Can't Wait Wednesday is a weekly meme hosted by Tressa over at Wishful Endings She has taken on a similar meme to Jills Waiting on Wednesday over at Breaking the Spine. Since Jill hasn't posted in a while I'm going to join in on this meme. To participate all you have to do is spotlight upcoming publications you're eagerly anticipating. Keep reading to see what I have chosen for this week.


Expected Publication: January 2nd, 2018 

I think we can all agree that the cover of this book is absolutely amazing! I can't seem to remember how I found out about this book; however, it is listed on my 2018-must-reads list on Goodreads. It focuses on the story of two girls (mirror twins) who finally get the opportunity to be a part of a carnival, but they must figure out how to keep their relationship together. The book sounds interesting and I can't wait to sink into its pages and figure out exactly what happens. Let me know if you've heard of this book or if you're interested in reading it. 


Tempest and Tally Jo Trimble are mirror twins—so alike they were almost born the same person—and they've been inseparable since birth. But it's the summer they turn thirteen, and it seems like everyone can tell something is changing between them.

Pa Charlie, whose traveling carnival is the best part of every summer, is watching them closer than ever. Digger, who sneaks poor kids onto the carnival rides for free and smiles faster than anyone, seems to be fixing for a fight. Even Mama is acting different, refusing to travel with the carnival this year even though her own twin, who she hasn't seen since childhood, will be there.

And Tally and Tempest are the most different of all. There's a strangeness between them, a thickness to the air, an unseen push and pull, and it's getting stronger. It starts as a feeling, but soon it's sputtering and sparking, hurling them backwards, threatening to explode.

When Tally learns that she and Tempest may not be the first twins in their family to be separated by whatever this force is, she realizes she'll have to find a way to stop it—or she might lose not only her sister, but everyone she loves.

03 October 2017

BookishRealm Discussion: Reading Challenges & Why I've Stopped for the Year



Happy Tuesday Everyone! It feels good to be back with another BookishRealm Discussion. This week I wanted to focus on the one thing that we ALL take part in: Reading/Blogging Challenges. Like everyone else, my month of December is spent determining exactly what challenges I plan to take part in for the following year. This year I went above and beyond the call of duty and decided to participate in the following challenges:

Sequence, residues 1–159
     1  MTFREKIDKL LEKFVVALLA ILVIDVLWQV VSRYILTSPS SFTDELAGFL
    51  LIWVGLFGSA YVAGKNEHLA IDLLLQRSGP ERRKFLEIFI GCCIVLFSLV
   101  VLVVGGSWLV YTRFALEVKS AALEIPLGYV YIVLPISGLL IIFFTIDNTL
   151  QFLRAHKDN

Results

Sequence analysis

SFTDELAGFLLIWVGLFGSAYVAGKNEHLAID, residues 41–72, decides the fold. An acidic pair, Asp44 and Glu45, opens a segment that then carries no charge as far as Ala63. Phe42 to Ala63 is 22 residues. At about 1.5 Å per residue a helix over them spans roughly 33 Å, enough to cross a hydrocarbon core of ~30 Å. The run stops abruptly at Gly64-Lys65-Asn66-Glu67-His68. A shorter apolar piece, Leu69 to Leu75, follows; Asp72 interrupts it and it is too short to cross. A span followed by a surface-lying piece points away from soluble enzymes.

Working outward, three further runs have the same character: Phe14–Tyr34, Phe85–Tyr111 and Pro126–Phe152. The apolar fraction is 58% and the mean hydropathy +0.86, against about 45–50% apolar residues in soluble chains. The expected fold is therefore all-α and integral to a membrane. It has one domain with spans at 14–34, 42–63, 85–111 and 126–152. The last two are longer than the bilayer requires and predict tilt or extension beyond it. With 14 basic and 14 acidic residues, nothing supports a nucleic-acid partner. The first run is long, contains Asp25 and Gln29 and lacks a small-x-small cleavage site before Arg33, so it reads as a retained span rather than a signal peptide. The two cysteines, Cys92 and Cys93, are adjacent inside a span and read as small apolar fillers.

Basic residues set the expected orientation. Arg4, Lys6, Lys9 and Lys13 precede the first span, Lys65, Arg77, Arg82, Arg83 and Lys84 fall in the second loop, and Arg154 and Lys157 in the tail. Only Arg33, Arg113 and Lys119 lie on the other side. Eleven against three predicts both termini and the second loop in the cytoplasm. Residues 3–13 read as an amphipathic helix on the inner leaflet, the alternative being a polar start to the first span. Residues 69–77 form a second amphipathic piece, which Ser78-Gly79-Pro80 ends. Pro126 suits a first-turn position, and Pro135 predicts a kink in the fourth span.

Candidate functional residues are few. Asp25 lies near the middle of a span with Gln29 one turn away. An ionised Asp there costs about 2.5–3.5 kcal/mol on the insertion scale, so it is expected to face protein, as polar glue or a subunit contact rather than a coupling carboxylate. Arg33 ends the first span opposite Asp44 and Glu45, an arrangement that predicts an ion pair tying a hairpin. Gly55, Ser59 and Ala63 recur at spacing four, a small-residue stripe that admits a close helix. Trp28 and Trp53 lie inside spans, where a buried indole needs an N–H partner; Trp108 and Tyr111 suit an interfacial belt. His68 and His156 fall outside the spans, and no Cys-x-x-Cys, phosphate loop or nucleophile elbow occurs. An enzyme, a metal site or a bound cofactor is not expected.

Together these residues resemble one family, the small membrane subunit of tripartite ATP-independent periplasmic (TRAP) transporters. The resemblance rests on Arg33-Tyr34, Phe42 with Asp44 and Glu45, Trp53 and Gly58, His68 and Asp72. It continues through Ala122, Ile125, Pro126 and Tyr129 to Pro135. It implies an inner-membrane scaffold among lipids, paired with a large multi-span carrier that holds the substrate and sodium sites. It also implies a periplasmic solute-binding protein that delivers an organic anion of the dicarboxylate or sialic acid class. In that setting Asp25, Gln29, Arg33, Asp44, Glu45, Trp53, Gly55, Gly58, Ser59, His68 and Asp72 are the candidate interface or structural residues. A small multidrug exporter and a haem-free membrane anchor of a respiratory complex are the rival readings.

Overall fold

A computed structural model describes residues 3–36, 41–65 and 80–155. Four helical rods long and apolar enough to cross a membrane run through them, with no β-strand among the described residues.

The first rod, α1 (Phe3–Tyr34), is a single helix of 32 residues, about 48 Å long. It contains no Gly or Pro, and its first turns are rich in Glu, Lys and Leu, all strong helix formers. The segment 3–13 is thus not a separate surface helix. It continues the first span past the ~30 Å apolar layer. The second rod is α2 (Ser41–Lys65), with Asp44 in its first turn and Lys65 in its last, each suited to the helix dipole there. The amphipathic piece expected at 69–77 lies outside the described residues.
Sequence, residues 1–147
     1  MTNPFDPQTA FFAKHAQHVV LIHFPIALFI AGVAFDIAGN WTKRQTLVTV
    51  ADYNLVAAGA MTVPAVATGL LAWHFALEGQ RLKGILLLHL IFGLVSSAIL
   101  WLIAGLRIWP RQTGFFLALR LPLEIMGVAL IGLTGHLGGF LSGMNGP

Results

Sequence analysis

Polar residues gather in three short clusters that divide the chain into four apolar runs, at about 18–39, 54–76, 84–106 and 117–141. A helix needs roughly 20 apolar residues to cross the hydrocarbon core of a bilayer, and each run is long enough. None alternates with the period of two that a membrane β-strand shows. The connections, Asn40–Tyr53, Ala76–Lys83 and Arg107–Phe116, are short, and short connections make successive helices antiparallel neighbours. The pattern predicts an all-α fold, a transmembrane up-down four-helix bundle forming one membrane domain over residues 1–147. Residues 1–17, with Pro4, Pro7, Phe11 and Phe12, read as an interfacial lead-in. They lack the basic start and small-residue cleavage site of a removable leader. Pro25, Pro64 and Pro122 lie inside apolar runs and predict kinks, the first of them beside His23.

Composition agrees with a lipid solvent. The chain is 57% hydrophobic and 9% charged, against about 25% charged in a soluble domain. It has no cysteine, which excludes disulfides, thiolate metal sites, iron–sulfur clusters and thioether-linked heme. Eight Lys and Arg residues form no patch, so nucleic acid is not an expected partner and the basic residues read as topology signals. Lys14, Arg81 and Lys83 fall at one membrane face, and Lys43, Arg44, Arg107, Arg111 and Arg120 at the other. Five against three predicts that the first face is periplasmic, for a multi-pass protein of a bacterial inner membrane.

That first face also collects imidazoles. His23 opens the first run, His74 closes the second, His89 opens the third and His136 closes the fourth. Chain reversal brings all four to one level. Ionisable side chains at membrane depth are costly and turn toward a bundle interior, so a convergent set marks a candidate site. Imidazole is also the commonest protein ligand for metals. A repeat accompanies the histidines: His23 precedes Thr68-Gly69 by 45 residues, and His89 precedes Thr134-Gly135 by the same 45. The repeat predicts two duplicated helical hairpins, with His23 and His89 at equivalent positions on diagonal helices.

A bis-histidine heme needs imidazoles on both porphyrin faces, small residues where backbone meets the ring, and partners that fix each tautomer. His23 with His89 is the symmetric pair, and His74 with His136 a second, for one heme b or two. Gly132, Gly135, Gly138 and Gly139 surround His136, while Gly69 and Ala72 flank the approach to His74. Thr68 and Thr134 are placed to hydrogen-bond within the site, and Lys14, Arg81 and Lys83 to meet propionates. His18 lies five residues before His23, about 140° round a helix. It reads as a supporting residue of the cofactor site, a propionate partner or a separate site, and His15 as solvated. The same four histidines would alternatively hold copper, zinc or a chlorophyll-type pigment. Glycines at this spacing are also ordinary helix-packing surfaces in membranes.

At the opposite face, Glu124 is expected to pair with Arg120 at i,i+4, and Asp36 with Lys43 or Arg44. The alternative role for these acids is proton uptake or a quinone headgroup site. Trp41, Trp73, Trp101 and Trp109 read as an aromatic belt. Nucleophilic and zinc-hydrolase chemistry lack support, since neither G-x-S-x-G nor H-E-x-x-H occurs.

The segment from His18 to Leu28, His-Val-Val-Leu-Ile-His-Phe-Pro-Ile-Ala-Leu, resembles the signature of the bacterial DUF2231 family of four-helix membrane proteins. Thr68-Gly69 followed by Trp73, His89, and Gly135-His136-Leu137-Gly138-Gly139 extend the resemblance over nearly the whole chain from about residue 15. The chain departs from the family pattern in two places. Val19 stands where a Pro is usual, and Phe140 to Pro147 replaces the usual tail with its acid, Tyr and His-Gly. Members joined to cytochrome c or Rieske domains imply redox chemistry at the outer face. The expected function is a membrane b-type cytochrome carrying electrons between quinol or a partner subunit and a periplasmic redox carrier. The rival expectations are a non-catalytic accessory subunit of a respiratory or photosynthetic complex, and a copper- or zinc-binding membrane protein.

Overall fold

• Pop Sugar 
  • Diverse Reads
  • Netflix & Books 
  • Manga/Graphic Novel 
  • Picture Book Challenge
  • Sherlock Holmes Challenge
  • Around the World 
  • Goodreads Goal: 200 Books 
While my intentions were great in trying to challenge myself, I truly believe I committed to too many challenges. By the middle of this year I was so far behind I didn't even see the chance of catching up before December 31st. As of today, I've given up not because I completely want to, but I'm finally being true and honest with myself. There is no way that any of these challenges (outside of the manga and graphic novel challenge) will be completed. Was a I heartbroken when I came to this initial thought? Of course! I wanted nothing more than to complete every single challenge that I set forward to complete. But honestly, it became too stressful. I was so bogged down in reading for these challenges that I didn't even read for fun. It was extremely structured and as a mood reader I became resentful. So what do I plan to do next year?? Well, I won't completely count myself out for participating in challenges for the upcoming year, but I will give myself some limitations. For instance, I know that I read a lot of comics, manga, and graphic novels and it usually only takes me half a year to get through that challenge so I'll continue to participate in that. I would also like to challenge myself to continue reading diversely so I would most likely continue to focus on things such as the Around the World Reading Challenge and the Diverse Books Challenge. Other than that, I just want to read freely for the rest of the year.